007D AA06              MOV     R2,AR6
007F EA                MOV     A,R2
0080 F500        R     MOV     ADDH,A
                                           ; SOURCE LINE # 43
0082 8F00        R     MOV     ADDL,R7
I've no idea why Keil use R2 register neither...

semaj's union approach


typedef union
   {
   unsigned short u16;
   unsigned char u8[2];
   } U16_U8;

U16_U8 ptr;

// Do something to set the variable ptr ptr.u16 = ?;

ADDH = ptr.u8[0]; ADDL = ptr.u8[1];

SDCC gives me


;   t.c:26: ADDH = uptr.u8[0];
    mov _main_ADDH_1_1,_main_uptr_1_1
;   t.c:27: ADDL = uptr.u8[1];
    mov _main_ADDL_1_1,(_main_uptr_1_1 + 0x0001)
Keil C51 gives me:

                                           ; SOURCE LINE # 26
0028 850000      R     MOV     ADDH,uptr
                                           ; SOURCE LINE # 27
002B 850000      R     MOV     ADDL,uptr+01H
which is very smiler to the pointers trick. However, this approach require two more bytes memory the store the union.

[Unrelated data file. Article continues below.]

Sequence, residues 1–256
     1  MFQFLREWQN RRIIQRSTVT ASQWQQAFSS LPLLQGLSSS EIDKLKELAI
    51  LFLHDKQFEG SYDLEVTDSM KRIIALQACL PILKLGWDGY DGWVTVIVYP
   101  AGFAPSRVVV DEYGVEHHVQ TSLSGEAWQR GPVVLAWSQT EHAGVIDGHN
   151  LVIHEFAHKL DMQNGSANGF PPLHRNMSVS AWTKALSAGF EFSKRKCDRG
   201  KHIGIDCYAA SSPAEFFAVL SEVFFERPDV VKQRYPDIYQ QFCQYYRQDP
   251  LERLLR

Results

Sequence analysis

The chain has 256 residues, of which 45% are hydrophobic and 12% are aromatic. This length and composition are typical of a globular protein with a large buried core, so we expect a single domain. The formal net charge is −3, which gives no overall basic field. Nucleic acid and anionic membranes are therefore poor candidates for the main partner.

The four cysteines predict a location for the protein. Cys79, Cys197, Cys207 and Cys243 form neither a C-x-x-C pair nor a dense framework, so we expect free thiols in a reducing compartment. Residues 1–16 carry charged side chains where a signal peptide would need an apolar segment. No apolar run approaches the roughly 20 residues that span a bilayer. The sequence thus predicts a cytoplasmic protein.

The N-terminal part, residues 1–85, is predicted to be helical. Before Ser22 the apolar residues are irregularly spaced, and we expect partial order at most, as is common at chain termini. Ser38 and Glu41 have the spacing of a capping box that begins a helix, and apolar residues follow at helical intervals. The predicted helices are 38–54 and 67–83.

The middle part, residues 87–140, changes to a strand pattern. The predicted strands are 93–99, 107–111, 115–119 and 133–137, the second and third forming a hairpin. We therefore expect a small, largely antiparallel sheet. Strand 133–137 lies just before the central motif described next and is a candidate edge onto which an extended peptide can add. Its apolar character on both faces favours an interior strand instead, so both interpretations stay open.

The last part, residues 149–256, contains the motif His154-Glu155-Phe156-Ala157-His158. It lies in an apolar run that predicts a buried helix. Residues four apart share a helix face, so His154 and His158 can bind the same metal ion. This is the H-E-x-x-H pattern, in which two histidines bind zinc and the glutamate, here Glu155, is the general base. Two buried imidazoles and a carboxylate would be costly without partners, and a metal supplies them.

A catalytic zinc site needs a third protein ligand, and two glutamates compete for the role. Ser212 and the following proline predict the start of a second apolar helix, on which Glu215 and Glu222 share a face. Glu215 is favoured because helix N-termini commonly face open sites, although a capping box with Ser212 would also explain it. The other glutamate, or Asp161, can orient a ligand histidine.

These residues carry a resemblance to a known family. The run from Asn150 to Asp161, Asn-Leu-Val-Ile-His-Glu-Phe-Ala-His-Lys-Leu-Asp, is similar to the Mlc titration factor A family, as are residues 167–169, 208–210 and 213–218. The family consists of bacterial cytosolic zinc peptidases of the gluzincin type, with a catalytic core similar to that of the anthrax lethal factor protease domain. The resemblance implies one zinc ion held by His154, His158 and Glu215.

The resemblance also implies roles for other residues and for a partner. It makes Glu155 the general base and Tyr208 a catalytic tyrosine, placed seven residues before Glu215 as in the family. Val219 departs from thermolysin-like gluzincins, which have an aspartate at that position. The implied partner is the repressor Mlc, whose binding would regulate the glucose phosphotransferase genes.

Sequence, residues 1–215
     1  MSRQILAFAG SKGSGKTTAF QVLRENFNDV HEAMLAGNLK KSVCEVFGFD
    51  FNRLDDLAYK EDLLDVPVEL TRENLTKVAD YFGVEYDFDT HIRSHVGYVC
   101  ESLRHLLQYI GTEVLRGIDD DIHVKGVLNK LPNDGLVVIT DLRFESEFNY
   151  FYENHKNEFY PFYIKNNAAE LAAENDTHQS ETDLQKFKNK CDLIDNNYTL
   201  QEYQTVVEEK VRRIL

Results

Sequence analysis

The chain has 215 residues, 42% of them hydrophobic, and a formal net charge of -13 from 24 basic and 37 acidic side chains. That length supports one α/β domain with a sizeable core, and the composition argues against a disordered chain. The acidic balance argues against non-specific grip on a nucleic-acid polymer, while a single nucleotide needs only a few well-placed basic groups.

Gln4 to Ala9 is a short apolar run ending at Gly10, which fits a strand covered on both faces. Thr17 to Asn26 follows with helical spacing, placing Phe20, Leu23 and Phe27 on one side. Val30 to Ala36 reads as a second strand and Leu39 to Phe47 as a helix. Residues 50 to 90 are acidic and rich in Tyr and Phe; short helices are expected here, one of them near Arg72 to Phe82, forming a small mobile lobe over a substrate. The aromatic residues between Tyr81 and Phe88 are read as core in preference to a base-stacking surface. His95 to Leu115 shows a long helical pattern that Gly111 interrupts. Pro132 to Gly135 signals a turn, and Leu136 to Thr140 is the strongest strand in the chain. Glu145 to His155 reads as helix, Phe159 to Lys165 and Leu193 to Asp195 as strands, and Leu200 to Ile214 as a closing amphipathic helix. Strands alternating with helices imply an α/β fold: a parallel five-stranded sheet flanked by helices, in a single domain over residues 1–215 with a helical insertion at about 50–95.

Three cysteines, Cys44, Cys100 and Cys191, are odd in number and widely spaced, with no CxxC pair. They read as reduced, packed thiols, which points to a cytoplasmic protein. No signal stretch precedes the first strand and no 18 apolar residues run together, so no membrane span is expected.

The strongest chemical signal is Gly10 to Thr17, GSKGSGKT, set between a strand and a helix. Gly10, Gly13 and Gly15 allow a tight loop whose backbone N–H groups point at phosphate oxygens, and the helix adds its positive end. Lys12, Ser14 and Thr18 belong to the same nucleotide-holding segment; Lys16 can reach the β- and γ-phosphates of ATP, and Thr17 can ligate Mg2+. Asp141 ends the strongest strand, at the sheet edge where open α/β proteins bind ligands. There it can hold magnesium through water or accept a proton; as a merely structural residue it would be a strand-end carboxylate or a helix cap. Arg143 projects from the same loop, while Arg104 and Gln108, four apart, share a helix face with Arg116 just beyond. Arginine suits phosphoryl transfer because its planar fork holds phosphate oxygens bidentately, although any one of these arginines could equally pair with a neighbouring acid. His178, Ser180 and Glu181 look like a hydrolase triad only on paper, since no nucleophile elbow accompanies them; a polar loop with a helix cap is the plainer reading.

Does anyone have any other bright ideas? ;)

And anyone can tell me which way is more efficient?

In case anyone interested, here is the test case:


typedef union
{
    unsigned short u16;
    unsigned char u8[2];
} U16_U8;

// call a function on the ADDs to avoid optimizition void swap(unsigned char *a, unsigned char *b) { unsigned char tm; tm = *a; *a = *b; *b = tm; }

main (void) { char c[] = "hello world."; unsigned char xdata *ptr = (unsigned char xdata *)c; unsigned char ADDH, ADDL; unsigned char i = 0;

U16_U8 uptr;
uptr.u16 = (unsigned short)ptr;

for ( ; i < 4 ; i++, uptr.u16++){
    ADDH = uptr.u8[0];
    ADDL = uptr.u8[1];
    swap(&ADDH, &ADDL);
}

for ( ; i < 4 ; i++, ptr++){
    ADDH = (unsigned int) ptr >> 8;
    ADDL = (unsigned int) ptr & 0x00FF;
    swap(&ADDH, &ADDL);
}
for ( ; i < 4 ; i++, ptr++){
    ADDH = ((unsigned char *)&ptr)[0];
    ADDL = ((unsigned char *)&ptr)[1];
    swap(&ADDH, &ADDL);
}
for ( ; i < 4 ; i++, ptr++){
    ADDH = (unsigned int)ptr / 256;
    ADDL = (unsigned int)ptr % 256;
    swap(&ADDH, &ADDL);
}

}

share|improve this question
1